Vice President Mike Pence was summoned to the Senate on Wednesday to break a tie — twice — on an ambassadorship nomination for Kansas Republican Gov. Sam Brownback.

It’s rare for a vice president to be needed to break a tie, especially for a former senator like Brownback.  

Pence had to vote twice: first on a procedural vote to break a filibuster, and then again on the final vote to confirm Brownback.

Dec. 21, 2010: Kansas Gov. Sam Brownback is shown before taking office talking with a reporter in Topeka.

Kansas Gov. Sam Brownback was nominated by President Donald Trump to become ambassador-at-large for international religious freedom.  (Associated Press)

The vote was tied 49-49. Then Pence voted “in the affirmative,” making it 50-49.

Brownback was nominated by President Donald Trump as ambassador-at-large for international religious freedom.  

The last vice president to break ties twice on the same day was Vice President Alben Barkley on October 4, 1949.

The Senate is operating with two Republicans absent. Arizona Sen. John McCain, who is battling cancer, remains out. Tennessee Sen. Bob Corker is at the World Economic Forum in Davos.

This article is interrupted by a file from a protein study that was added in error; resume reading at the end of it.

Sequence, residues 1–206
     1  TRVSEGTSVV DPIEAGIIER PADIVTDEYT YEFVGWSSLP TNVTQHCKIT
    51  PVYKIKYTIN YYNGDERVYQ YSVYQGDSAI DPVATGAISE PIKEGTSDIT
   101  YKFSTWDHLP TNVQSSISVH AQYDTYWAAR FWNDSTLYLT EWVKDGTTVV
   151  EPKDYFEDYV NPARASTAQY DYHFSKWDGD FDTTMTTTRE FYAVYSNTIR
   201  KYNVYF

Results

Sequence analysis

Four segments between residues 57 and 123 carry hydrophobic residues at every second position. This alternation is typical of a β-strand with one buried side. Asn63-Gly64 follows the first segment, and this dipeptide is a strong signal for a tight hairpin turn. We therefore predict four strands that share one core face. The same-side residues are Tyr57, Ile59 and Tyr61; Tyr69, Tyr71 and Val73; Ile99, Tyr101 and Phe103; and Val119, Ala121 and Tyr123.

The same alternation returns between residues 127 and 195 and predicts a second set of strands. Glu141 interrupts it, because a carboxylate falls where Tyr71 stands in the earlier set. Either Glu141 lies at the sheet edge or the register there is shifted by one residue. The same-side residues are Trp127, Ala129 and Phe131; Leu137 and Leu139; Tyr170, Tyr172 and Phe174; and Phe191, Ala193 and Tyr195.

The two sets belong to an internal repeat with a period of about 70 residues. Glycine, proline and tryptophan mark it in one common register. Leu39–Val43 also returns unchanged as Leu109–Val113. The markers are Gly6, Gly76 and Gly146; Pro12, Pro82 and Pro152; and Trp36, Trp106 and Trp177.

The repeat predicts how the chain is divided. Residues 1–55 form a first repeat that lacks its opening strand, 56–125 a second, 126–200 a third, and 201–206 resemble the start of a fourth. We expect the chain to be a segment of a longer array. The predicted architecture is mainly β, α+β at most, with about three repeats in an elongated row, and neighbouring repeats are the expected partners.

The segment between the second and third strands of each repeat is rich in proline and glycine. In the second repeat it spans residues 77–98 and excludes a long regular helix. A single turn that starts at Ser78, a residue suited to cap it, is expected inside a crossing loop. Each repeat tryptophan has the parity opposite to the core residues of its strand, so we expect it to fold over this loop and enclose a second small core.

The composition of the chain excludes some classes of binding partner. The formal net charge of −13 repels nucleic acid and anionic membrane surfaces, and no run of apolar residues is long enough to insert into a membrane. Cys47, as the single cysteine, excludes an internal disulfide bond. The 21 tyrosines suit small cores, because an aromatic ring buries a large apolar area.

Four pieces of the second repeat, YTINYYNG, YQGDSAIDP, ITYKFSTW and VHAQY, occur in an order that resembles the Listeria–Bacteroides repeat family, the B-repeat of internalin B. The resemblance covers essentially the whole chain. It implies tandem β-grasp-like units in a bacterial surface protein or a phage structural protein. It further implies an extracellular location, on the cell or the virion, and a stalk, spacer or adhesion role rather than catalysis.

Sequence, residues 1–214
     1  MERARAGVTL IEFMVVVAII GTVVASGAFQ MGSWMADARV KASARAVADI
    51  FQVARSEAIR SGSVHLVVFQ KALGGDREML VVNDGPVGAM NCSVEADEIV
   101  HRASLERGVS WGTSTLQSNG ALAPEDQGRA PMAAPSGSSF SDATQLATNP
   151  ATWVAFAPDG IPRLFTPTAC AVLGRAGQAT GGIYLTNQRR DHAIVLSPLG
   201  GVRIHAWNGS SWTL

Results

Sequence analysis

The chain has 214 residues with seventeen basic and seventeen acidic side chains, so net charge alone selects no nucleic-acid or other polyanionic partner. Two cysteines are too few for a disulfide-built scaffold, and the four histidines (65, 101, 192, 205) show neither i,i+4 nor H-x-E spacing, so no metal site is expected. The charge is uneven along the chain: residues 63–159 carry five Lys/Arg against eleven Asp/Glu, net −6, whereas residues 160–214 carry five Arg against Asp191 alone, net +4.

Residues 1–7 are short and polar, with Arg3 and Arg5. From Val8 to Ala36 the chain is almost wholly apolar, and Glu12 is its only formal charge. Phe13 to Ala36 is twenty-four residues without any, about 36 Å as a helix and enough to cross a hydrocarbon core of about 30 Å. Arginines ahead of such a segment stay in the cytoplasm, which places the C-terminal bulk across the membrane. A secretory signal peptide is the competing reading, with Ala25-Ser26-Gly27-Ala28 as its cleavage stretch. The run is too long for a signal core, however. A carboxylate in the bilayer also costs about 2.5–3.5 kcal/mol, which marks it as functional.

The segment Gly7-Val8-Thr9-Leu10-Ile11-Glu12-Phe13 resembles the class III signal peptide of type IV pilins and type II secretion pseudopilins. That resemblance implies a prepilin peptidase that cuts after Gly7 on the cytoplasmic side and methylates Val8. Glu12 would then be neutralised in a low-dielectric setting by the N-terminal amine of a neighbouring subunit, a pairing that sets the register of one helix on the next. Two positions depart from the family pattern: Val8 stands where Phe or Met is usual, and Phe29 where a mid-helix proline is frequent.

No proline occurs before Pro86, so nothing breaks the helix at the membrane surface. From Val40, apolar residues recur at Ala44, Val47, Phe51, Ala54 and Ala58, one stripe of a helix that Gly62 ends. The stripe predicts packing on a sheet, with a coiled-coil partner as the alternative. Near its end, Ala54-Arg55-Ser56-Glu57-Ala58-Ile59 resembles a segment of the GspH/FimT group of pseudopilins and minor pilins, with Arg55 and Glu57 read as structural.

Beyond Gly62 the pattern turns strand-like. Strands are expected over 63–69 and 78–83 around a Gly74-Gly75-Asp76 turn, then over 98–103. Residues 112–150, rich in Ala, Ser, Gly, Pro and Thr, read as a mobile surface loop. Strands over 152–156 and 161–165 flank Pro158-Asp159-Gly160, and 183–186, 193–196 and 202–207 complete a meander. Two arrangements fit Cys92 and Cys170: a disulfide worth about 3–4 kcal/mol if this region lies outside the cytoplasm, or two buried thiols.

Under the Constitution, the vice president also serves as president of the Senate and votes in the event of ties.

This is the seventh tie Pence has broken in a little more than a year in office. Former Vice President Joe Biden never had to break a tie during his entire eight years.

Pence cast the tie-breaking ballot to confirm Betsy DeVos as education secretary last year — the first time a vice president had ever broken a tie to confirm a nominee.

Alex Pappas is a politics reporter at Follow him on Twitter at @AlexPappas.